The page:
Some plants appreciate vertical support

Snow peas climbing twigs collected from the woods:

Tomatoes do really well when they have vertical cages, either pre-made ones purchased at the store, or ones made at home from concrete support mesh like these, which are extra sturdy and taller.

And here are gourds and cucumbers sharing a vertical trellis with nasturtiums - I had bumper crops of the cucumbers and gourds, plus the nasturtiums were beautiful and might help deter pests. There's even basil tucked in on the corners of the bed.

It's okay to crowd AND mix your veggies!

These kale and swiss chard plants don't fact, they're creating a micro-environment that retains humidity and helps choke out weeds.

If you think these little lettuce plants look crowded... about lettuce interplanted with broccoli? Since lettuce hates heat and will bolt when the weather gets too warm, the larger broccoli plants will help shade them and help prevent them from bolting too soon. The floating row cover supported over this bed also helps keep things cool PLUS keeps out pests, such as the cabbage moth that lays eggs on broccoli, which will then hatch into little green caterpillars. Extra protein, sure - but not very appetizing!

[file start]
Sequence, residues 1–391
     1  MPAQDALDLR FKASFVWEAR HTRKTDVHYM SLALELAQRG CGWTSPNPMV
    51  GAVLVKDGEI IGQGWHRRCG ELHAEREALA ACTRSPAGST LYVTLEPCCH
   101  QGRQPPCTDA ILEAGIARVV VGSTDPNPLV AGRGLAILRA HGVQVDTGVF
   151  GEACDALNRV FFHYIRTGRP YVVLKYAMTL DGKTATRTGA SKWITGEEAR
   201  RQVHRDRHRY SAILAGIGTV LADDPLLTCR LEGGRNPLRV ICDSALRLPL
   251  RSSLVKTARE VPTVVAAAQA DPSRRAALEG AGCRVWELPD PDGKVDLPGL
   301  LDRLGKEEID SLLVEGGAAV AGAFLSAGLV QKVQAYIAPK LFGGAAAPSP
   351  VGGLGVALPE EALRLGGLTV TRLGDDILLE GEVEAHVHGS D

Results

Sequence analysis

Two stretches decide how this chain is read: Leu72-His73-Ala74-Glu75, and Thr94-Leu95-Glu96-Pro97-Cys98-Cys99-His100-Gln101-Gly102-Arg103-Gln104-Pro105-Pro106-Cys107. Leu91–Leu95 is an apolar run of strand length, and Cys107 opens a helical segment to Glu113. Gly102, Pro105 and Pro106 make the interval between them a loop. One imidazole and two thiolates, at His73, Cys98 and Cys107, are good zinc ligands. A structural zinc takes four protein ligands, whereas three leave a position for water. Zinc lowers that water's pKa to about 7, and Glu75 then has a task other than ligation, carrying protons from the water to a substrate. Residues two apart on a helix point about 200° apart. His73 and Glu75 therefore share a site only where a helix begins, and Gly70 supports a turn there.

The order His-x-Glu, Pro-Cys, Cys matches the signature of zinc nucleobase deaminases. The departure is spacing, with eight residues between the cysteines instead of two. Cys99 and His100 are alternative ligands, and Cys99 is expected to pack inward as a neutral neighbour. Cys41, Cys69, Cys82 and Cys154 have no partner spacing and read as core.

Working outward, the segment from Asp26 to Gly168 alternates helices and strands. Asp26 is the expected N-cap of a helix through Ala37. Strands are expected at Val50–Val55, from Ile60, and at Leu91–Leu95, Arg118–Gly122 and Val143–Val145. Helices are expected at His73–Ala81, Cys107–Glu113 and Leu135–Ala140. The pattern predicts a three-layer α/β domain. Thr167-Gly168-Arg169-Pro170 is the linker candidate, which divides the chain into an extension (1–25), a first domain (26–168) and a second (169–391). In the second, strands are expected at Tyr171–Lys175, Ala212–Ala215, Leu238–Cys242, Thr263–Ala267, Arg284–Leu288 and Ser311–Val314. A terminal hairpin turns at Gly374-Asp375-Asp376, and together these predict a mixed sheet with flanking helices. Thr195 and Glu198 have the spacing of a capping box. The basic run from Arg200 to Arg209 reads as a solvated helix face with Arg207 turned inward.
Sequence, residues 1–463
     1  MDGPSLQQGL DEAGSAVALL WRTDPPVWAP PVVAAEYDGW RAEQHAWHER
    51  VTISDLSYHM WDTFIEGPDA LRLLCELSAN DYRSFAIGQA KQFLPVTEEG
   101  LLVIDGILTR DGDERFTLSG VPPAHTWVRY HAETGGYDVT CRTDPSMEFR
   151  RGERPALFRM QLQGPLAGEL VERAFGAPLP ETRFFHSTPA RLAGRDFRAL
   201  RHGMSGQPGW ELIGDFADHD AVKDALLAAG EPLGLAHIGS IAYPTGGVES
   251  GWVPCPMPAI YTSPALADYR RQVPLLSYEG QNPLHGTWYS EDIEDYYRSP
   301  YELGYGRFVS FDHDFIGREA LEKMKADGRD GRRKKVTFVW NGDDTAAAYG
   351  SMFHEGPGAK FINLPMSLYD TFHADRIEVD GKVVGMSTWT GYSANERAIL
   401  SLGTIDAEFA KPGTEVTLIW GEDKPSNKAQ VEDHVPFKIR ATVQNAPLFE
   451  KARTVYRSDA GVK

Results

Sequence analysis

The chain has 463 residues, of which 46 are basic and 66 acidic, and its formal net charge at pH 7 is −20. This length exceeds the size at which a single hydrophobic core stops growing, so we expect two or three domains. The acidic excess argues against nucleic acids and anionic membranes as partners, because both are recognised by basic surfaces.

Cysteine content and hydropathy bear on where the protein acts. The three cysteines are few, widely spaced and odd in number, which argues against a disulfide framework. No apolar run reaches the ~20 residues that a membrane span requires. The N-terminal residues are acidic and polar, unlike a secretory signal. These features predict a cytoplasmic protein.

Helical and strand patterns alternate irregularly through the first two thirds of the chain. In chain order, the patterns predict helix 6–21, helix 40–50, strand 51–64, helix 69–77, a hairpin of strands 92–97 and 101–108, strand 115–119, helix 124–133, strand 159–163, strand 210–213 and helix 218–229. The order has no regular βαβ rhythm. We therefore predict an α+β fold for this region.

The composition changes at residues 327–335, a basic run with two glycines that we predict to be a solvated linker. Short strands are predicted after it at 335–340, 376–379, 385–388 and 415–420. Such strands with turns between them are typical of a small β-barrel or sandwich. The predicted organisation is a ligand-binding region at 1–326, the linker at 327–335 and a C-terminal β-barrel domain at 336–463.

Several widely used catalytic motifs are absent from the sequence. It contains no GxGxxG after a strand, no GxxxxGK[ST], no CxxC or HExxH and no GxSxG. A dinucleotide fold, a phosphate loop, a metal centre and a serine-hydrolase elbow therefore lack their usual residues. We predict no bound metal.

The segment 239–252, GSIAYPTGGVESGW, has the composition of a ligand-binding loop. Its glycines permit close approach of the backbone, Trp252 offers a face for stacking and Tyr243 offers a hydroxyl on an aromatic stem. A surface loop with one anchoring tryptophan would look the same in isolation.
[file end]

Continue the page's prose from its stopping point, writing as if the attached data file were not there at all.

Here's snow peas (barely visible on the left), lettuce, onions and swiss chard, all playing nice with each other. It's believed onions might help deter some pests. And since most of these veggies like (or don't mind) cool weather, you'll notice the tube-support for floating row cover over the bed to help shade them while the peas and lettuce are still in the bed.

Your plants need to drink!

And setting up a drip irrigation system sure does help. You can either have this permanently plumbed and use a timer, or just hook a hose up to it when you need to water and check back when you think the soil's sufficiently soaked. This type of watering has benefits over the usual overhead watering with a hose or watering can - such as no splashing of the soil means less likelihood of scattering soil-borne disease.

Let's get it on...